Monsieur Chrono & a late night date.

Jacques Anquetil's break into the big league of cycling happened in 1952. He turned professional, conquered and won the 142 km very long prestigious Grand Prix des Nations time trial race, at only 19. He would go on to win a total of nine, then the unofficial World Championships for time trialing. A young star was born.

He got into cycling to improve his standing and to earn money. His forte was the time trial and it showed with an excellent 2nd in the 1953 Baracchi Trophy. Not bad finishing after the winner, Fausto Coppi. By the age of 20, he was already an Olympic bronze medalist and national champion. He broke the World Hour Record, breaking Coppi's 1956 title, which many thought could never be broken.

Critics reviled him for his cool, calculated style of winning. He was pragmatic but was aloof. And he affirmed that a professional rider had a right to look after himself as he thought best, such as doping. His popularity was dented and won few friends.

But in 1965, after having won the Dauphiné Libéré eight stage race, he took an airplane to Bordeaux, slept for an hour, and at 1:30 AM started the massive 557 km Bordeaux-Paris endurance race. He fought exhaustion and 15 hours later ... won! "I did everything I could to make him continue. In the end, I kept him going by massaging his ego. He abused and insulted me, but in the end, gritted his teeth and won," said Raphaël Geminiani, his manager.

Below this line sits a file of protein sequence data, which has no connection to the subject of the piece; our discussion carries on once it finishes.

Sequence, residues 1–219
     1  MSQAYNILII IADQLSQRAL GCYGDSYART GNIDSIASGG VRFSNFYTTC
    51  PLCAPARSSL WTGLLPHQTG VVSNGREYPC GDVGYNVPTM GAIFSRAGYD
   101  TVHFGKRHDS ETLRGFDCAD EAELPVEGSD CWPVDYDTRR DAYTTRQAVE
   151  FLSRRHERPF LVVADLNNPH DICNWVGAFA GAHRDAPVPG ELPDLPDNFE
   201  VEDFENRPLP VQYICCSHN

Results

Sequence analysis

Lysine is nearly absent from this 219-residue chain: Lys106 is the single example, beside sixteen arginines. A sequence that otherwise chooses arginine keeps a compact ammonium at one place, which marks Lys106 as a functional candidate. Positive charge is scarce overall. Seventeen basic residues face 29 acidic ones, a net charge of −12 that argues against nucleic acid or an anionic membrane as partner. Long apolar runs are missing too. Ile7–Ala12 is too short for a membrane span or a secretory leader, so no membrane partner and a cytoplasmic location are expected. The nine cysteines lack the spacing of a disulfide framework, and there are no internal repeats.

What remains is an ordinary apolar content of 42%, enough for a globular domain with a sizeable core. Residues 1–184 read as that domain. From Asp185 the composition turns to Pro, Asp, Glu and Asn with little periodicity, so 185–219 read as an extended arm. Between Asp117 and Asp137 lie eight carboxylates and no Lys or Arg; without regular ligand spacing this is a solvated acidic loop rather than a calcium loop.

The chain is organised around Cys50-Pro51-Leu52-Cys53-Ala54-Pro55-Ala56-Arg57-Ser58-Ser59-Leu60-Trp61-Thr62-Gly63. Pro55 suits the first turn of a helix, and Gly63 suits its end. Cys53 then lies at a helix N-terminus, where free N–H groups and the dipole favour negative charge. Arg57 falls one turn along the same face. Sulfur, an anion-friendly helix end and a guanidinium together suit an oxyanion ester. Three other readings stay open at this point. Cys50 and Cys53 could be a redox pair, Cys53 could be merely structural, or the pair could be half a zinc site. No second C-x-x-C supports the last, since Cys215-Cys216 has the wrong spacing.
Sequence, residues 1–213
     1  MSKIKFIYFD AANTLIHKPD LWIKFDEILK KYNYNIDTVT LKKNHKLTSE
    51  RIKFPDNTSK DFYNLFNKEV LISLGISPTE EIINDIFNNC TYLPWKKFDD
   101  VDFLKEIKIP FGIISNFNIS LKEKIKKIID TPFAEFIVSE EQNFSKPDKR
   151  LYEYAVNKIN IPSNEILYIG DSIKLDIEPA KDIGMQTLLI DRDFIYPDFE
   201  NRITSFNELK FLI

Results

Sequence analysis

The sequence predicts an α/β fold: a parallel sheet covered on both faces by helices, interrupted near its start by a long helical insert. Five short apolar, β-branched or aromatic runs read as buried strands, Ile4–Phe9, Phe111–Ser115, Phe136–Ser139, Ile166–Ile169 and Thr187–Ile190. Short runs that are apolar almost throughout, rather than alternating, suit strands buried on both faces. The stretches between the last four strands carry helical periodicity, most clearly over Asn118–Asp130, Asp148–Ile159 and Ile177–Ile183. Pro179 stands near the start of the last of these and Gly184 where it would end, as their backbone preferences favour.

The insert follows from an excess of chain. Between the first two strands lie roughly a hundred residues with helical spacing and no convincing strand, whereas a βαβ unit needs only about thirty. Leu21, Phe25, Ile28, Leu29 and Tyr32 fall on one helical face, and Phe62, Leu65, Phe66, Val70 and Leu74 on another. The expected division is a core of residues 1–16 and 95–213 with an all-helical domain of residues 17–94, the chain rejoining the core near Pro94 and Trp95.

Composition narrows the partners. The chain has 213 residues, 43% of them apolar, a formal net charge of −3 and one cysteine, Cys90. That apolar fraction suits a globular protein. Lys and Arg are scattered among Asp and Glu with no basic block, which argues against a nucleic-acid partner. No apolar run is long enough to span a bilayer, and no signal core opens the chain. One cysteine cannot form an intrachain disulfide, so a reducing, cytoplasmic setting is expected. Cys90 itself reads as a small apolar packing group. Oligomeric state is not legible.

Sublime - yes, but he knew how to win. Afterwards he was called, 'the champion of impossible!'

A late night date. 1965, shortly after winning the Dauphine Libere stage race. The exhausted but determined Master Jacques & upbeat crew on the airplane to Bordeaux-Paris - which he won as well.

Presse Sports

(Top): Time trialing was his speciality. Innovation was his, alone. He sometimes raced without handlebar tape to save weight. His wool race jersey's and short's were tailored made tight for 'aerodynamics.' His pedaling style was toe down. And, he used special silk tires said to reduce rolling resistance.

"He was total harmony, sublime, a phenomenon. He blended with his bicycle like a musician with his instrument."

Jacques Goddet.